3. Gather Documents.

Search the Federal Register for notices.

When an institution establishes a connection between tribes and remains, it must publish a list of the tribes eligible to make a repatriation claim. These notices are published in the Federal Register and are searchable. Try searching for “Notice of Inventory Completion,” followed by the name of the institution or tribe you’re interested in.

Tribes and institutions sometimes change their names, so the present-day name may not exactly match what’s listed in the notice.

Notices describe the Native American remains and associated funerary objects being made available for return. They contain information on which tribes were consulted, how the remains came to be in the institution’s possession, and who to contact at the institution. Occasionally, the evidence used to determine a cultural affiliation or disposition of the remains is also included.

Request records.

Other documents can aid in reporting on NAGPRA. Look for records that:

  • Detail how the institution acquired the Native American remains and items reported in its inventory (also known as their provenance).
  • Explain the behind-the-scenes decision-making on whether to repatriate and the evidence used.
  • Show the quality of relations between the institution and tribes.

Records you can seek include:

  • Original inventories or summaries of Native American remains and cultural items that institutions send to tribes. Copies are sent to the National NAGPRA Program.
  • Excavation field notes. Many remains were removed in federally funded excavation projects or by academically oriented field schools in the 20th century, and both of those endeavors often produced significant archives.
  • Loan files that document requests and transfers of Native American remains and objects between institutions, potentially for research purposes.
  • Notes or internal email correspondence from NAGPRA staff, faculty, administrators, legal counsel, tribes or colleagues at other institutions.
  • Materials and notes used during consultations. Institutions often prepare materials for their meetings with tribes and take notes.
  • Recordings of consultations. During the pandemic, many meetings were held over Zoom and may have been recorded.
  • Tribal claim documents. These may contain information that tribes do not want shared publicly because they are culturally sensitive or could aid looters.
  • Determination records. These may explain the rationale behind determinations of cultural affiliation or disposition.
  • NAGPRA Review Committee transcripts. Disputes are often brought before committee, and you can search for mentions of tribes, institutions or regions.
  • Grant application materials. When institutions apply for NAGPRA or other government-funded grants, the application materials and statements supplied may provide insight into their budgets and intent. You can request these records from the agency that administers the grants.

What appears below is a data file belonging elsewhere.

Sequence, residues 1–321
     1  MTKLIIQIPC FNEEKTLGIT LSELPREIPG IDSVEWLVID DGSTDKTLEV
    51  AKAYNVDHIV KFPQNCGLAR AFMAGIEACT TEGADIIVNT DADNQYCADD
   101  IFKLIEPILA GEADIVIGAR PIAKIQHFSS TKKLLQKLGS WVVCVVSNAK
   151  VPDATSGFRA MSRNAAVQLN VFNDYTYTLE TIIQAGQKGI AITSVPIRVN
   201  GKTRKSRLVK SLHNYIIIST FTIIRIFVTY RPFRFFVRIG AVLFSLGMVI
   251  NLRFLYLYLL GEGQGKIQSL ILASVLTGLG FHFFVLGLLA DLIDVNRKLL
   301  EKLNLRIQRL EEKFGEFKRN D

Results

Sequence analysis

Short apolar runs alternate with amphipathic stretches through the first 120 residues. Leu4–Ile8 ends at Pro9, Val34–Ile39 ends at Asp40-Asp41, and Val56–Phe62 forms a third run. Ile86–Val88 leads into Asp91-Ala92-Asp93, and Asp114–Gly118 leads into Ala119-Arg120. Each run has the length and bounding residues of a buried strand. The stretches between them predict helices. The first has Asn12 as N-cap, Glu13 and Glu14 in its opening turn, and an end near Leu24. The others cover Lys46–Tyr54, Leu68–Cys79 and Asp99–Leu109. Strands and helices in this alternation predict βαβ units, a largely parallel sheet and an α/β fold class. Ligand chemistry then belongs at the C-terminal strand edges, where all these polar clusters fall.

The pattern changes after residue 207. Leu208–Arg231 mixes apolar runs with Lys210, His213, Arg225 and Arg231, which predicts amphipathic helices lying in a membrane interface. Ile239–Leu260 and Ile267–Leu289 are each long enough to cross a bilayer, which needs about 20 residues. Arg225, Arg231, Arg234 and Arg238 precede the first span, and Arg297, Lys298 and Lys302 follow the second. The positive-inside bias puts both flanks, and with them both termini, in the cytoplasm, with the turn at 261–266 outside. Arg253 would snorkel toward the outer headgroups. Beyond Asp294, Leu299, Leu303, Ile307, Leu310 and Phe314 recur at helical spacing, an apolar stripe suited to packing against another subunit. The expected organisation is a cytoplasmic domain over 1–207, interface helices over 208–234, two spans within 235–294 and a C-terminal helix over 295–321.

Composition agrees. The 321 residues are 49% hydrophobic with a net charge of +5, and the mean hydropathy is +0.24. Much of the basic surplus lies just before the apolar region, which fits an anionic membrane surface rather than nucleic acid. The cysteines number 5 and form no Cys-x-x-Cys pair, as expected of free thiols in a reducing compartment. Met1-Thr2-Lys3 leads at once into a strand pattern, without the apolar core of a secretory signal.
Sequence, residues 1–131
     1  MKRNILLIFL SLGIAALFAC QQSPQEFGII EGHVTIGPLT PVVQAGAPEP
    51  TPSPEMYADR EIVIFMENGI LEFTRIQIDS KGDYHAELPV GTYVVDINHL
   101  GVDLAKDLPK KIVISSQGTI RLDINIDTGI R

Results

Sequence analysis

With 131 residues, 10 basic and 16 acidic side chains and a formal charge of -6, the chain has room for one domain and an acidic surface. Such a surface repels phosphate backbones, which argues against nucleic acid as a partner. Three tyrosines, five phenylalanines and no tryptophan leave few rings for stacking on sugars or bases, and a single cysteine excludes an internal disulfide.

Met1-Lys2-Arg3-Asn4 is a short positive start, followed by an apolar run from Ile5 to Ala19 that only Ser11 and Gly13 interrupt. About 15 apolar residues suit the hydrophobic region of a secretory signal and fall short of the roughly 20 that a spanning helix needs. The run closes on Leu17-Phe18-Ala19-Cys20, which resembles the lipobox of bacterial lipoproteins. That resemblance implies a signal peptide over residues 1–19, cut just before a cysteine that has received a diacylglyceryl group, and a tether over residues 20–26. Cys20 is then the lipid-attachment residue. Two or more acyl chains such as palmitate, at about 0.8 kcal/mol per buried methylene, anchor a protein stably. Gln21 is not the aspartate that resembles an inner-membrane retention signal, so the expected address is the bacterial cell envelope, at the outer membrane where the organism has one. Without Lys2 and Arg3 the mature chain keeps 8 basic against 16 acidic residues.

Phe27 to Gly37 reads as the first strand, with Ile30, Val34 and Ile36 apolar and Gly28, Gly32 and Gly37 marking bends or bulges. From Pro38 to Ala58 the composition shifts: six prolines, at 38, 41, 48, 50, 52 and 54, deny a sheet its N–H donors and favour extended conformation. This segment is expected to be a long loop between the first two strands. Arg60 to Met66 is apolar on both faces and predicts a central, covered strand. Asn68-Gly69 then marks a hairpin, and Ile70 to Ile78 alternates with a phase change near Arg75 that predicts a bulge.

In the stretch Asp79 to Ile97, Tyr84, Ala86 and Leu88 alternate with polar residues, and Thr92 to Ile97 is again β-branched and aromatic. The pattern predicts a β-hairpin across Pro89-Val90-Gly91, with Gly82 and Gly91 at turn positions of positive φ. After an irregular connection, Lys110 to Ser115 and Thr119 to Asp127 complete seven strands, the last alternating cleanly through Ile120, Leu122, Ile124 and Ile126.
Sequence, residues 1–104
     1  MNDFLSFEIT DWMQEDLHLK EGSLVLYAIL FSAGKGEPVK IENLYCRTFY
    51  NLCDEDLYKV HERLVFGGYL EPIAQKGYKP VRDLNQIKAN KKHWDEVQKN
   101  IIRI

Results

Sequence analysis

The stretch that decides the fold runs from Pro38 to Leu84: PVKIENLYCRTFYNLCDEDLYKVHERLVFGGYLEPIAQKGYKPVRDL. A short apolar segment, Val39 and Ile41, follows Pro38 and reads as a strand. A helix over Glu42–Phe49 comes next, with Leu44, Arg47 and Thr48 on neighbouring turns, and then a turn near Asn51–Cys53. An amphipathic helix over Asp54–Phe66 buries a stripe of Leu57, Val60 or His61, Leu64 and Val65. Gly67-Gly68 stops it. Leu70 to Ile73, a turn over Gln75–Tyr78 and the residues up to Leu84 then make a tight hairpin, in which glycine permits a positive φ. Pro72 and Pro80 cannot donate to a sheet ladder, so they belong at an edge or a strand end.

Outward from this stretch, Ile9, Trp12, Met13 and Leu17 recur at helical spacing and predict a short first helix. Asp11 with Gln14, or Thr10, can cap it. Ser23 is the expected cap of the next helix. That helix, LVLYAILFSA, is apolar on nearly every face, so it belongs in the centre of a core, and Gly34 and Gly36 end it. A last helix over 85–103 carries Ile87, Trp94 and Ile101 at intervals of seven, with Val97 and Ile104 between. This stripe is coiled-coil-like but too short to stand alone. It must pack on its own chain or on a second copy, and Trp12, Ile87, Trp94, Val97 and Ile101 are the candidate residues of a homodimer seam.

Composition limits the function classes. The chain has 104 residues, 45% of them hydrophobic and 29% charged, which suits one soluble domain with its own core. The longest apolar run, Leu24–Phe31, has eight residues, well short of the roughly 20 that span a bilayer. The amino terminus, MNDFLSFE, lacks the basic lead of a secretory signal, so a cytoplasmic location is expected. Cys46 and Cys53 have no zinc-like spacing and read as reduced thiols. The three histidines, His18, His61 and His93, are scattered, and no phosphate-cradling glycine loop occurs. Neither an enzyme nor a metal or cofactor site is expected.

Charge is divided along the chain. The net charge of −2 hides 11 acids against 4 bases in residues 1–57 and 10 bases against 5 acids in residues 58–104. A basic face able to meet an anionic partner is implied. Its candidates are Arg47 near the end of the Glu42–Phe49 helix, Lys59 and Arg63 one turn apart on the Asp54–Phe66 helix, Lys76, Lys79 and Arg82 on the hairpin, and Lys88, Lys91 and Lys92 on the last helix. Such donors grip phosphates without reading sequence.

• Historical documents, such as field notes and annual reports, that may not be online.
  • Appraisal documents for objects.

Note that while freedom of information laws make it possible to request records from public institutions, private institutions’ records are much harder to obtain. In those cases, you may have luck by requesting records from amenable institutions or groups that have corresponded with or worked on consultations with them.

4. Talk to People With Experience.

The history of the taking and repatriation of Native American remains and cultural items varies by region. Familiarize yourself with the history of Indigenous peoples and institutions in your area. Talk to tribal and institutional representatives to understand how efforts to repatriate have proceeded since NAGPRA’s passage in 1990. There may have been several rounds of consultation between tribes and institutions. And when repatriation efforts stretch back 30-plus years, it may help your reporting to piece together a chronology of who represented each group.

Talk to representatives of tribal nations.

Learn the basics of repatriation before approaching sources. Be prepared to explain why you’re interested in reporting on this topic. Look up the tribe’s page on ProPublica’s NAGPRA database as a starting point to understand which institutions they may have consulted with already.

Tribes generally have designated NAGPRA specialists. Often, they are a tribal historic preservation officer or cultural director. Use these directories to find a point of contact:

Reach out to tribal reps early, since they can be very busy. Know that tribes have different views on how best to repatriate. Tribes are not always ready to repatriate and don’t always want remains to be physically returned. Sometimes multiple tribes make competing claims that take time to sort out. Tribes may be open to respectfully conducted research.

Also, keep in mind that tribal leaders may not want to discuss repatriation and might not see news coverage as beneficial, especially if they’re in the middle of consulting with institutions and need to maintain those relationships. Repatriation can be a private issue in some cultures, and some do not have a cultural protocol for handing the dead.